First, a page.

Walmart (NYSE:WMT) is being accused of having created 78 subsidiaries and branches in 15 offshore tax havens to cut taxes on foreign operations.
According to a report by Americans for Tax Fairness, the big-box retailer holds at least $76 billion in assets through shell companies based in Luxembourg and the Netherlands, countries that are low-tax havens, reported USA Today. The advocacy group speculates that the total could be higher because Walmart holds entities in other low-tax havens including Hong Kong, the Caymen Islands, Switzerland and Curacao.
For example, the reported stated that Walmart paid less than 1 percent on taxes in Luxembourg on $1.3 billion in profits from 2010 to 2013.
The subsidiaries do not own Walmart stores, but own at least 25 out of 27 of the company's foreign operations in the United Kingdom, Brazil, Japan and China, where the retailer has locations with employees.
Using a tax haven minimizes the firm's foreign taxes where it has retail operations and avoids paying U.S. taxes on earnings until they are shifted domestically. Plus, Walmart supposedly took a $2.4 billion low-interest, short-term loan from its tax haven subsidiaries in 2014, giving it access to foreign earnings without paying U.S. taxes.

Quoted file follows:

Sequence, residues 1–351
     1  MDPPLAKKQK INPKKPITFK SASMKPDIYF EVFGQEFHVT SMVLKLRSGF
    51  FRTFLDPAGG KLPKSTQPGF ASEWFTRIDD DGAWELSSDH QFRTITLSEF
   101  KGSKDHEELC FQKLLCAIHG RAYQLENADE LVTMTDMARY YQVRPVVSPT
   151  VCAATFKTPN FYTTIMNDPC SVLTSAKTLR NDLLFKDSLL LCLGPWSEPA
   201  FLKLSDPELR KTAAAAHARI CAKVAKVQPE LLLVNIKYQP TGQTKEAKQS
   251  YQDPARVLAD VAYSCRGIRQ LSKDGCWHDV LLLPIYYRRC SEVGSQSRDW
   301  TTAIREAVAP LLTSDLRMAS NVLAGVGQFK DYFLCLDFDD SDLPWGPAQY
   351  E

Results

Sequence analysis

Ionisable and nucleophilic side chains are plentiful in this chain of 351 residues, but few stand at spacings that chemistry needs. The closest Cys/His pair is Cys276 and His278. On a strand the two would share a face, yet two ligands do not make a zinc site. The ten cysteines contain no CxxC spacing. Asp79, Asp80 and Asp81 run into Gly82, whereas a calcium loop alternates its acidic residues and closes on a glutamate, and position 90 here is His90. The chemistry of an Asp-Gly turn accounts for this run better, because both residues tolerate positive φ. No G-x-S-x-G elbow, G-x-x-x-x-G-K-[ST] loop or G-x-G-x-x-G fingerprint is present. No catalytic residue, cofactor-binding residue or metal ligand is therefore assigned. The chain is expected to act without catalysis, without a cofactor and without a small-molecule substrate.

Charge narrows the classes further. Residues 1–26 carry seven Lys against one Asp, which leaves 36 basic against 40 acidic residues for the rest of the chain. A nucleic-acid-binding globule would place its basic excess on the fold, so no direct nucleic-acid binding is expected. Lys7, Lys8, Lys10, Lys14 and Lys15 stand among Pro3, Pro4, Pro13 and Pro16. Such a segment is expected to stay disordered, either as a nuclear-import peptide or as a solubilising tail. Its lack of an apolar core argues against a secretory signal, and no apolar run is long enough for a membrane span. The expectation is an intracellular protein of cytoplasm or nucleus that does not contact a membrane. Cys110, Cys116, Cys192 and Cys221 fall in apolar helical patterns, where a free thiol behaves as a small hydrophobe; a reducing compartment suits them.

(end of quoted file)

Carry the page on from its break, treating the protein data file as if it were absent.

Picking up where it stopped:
The reports seems reminiscent of Walmart's 2013 bribery allegations in Mexico. In this case, a Delaware judge ordered Walmart to turn over everything it knew to investors about allegations that Walmart's Mexican unit had paid to facilitate construction of new stores and warehouses.
However, Walmart spokesman Randy Hargrove called the report incomplete and full of erroneous information meant to mislead readers, reported CBSNews.
"When calculating total assets, this calculation incorrectly includes intercompany assets, primarily investment in our wholly-owned subsidiaries and intercompany loans which both eliminate on consolidation. The methodology is flawed and based upon statutory reports prior to intercompany eliminations which occur during consolidation," said a company statement.
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